Last fall brought the 70th anniversary of the publication of The Way, a small volume of 999 points for meditation and prayer composed by the founder of the Catholic group Opus Dei, St. Josemaria Escriva. When the book appeared in Spain in the fall of 1939, its author thought it would sell a few thousand copies at most. Up to now nearly five million copies have been sold, The Way has been translated into over 40 languages, and it has been hailed as a modern Imitation of Christ. Drawing on St. Josemaria’s pastoral experiences with people of all kinds—men and women, old and young, students, soldiers, bishops priests, patients in charity hospitals, aristocrats, and many others—The Way was written in the tense circumstances of the years immediately before and during the Spanish Civil War of 1936 to 1939. The excerpt that follows, covering the wartime period, is from Russell Shaw’s newly published book Writing The Way: The Story of a Spiritual Classic.
In his history of the Spanish Civil War, Hugh Thomas calls Spain on the eve of that conflict a country “constructed on quarrels,” where “no habits of organization, compromise, or even articulation [were] respected, or even sought, by all. Insofar as there were traditions common to all Spain, these were of disputes.” In general elections held in February 1936 the victory of a left-wing Popular Front coalition touched off a fresh wave of revolutionary and anticlerical violence by groups even farther to the left. In July, after months of indecision and plotting, the army finally moved, and on the 17th of July, a day earlier than intended, a long-anticipated uprising got underway among units in Spanish Morocco.
Fifty churches went up in flames in Madrid the night of July 19-20. As control slipped out of the Republican government’s hands, the militias of revolutionary parties, particularly the communists, took to the streets. By this time, the DYA Academy [Opus Dei’s first center in Madrid] had moved to quarters on Ferraz Street, near the Montana Barracks. Father Escriva and several friends were there when fighting broke out, and they watched the bloody battle in horror. As the fortress fell to its attackers and the defenders were slaughtered, the priest donned blue overalls and slipped out of the apartment with the others. “A bad night, hot,” he recorded in his journal that day. “All three parts of the rosary.—Don’t have my breviary.—Militia on the roof.”
Religious persecution was soon in full swing, not only in Madrid but in other places where Republican forces or the anarchist, socialist, and communist militias who were the Republic’s most active and effective early defenders held sway. As the struggle turned into a war of attrition, the persecution slacked off, but at no time in the next three years did it cease.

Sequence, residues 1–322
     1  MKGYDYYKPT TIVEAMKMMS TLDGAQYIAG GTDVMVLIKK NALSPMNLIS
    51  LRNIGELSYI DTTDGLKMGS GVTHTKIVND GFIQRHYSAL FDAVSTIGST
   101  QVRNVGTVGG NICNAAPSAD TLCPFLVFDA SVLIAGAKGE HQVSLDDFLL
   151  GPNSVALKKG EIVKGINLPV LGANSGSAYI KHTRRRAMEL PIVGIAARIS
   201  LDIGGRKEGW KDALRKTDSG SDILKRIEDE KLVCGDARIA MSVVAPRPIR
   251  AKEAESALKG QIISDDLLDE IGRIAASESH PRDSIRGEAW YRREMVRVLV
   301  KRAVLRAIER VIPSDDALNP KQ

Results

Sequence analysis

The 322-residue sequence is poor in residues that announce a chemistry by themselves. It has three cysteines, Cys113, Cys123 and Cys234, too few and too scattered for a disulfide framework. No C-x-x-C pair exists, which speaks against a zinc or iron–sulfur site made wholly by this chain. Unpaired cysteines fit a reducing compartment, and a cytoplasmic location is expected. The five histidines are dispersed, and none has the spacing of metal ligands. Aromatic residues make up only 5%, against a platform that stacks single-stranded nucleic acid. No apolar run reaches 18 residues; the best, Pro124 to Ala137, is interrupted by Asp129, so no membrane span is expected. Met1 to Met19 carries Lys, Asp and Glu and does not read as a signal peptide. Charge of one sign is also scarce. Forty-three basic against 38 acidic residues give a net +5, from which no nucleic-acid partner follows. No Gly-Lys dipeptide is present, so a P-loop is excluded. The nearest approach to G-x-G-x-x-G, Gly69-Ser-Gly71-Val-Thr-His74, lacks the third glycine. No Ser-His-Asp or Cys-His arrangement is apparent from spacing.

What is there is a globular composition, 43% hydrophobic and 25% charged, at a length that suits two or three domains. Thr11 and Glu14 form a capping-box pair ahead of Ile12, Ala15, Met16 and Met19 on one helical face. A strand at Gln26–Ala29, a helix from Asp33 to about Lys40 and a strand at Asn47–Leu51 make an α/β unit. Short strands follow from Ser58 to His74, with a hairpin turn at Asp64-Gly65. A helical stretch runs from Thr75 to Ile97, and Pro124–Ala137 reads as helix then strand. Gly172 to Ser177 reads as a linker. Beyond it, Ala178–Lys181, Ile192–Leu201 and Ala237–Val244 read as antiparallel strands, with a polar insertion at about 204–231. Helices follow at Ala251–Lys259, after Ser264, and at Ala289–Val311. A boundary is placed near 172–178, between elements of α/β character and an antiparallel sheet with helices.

Blame the Victims
Much has been written about this war, and disagreements persist about what happened and who was to blame. One thing certain is that large numbers of foreigners went to Spain in these years to assist one side or the other, and Germany, Italy, and the Soviet Union supplied important military aid to their respective Spanish clients of the right and the left.
George Orwell, future author of Animal Farm and 1984 and a man of the anti-Stalinist left, served with a dissident communist military unit on the Aragon front from late 1936 until he was seriously wounded in mid-1937. In a book about his experiences, Homage To Catalonia, published in late 1937, Orwell dismisses as a “pitiful lie” the claim that leftists attacked churches only if they were used as bases by Nationalist forces.
“Actually churches were pillaged everywhere and as a matter of course,” Orwell reports, “because it was perfectly well understood that the Spanish Church was part of the capitalist racket. In six months in Spain I only saw two undamaged churches, and until about July 1937 no churches were allowed to reopen and hold services, except for one or two Protestant churches in Madrid.” The author’s own biases are in full view in his reference to the Church as “part of the capitalist racket,” but what he says leaves little doubt that systematic attacks on churches did take place.
Brutality and atrocities on both sides marked the war. Numbers remain in dispute. According to one credible set of figures, there were 70,000 executions in the Republican zone and 40,000 in the Nationalist zone, with another 30,000 executions carried out by the Franco government from the end of the war until 1950. These deaths were over and above the hundreds of thousands of soldiers killed in the fighting. Among Church personnel, the executed included 12 bishops (including the bishops of Jaen, Lerida, Segorbe, Cuenca, Barcelona, Almeria, Guadix, Ciudad Real, Tarragona, and Teruel, and the apostolic administrators of Barbastro and Orihuela), 283 religious sisters and nuns, 4,184 priests, and 2,365 religious men. One estimate of the overall death toll is mirrored in the title of a well-known novel: One Million Dead.
Historian Michael Burleigh calls the killing of clergy and religious “the worst example of anticlerical violence in modern history,” surpassing even the French Revolution. “There was no evidence that the clergy had aided the military uprising, nor that houses of God were misused as rebel arms dumps,” he notes. As for claims that the Church in Spain had “brought this catastrophe on its own head,” Burleigh remarks: “Even then it was fashionable to blame the victims.”
If Only This Could Last!
After the war broke out, Fr. Escriva at first took refuge in his mother’s home, then, hoping to escape detection, moved about among the apartments of friends. Sometimes he was simply on the street. One day a man who looked like him was lynched outside the building where he was staying. A doctor who was a friend from Logrono days provided him and his Opus Dei companions a hiding place in a mental asylum, where they remained for some weeks. In March 1937 the Honduran consulate took them in, and they joined close to a hundred other people already there. Their situation was not uncommon. Altogether, some 13,000 refugees sought safety in embassies and consulates in Madrid during the war.
Living conditions in the consulate were difficult. The place was badly overcrowded: Escriva and his friends occupied a single room on a hallway where more than 30 people were living. The food was poor and sparse. Time hung heavy on people’s hands, with boredom, tension, and fear gnawing at everyone. Writing to Opus Dei members in Valencia, Father Josemaria provided a semi-humorous but realistic description of the accommodations: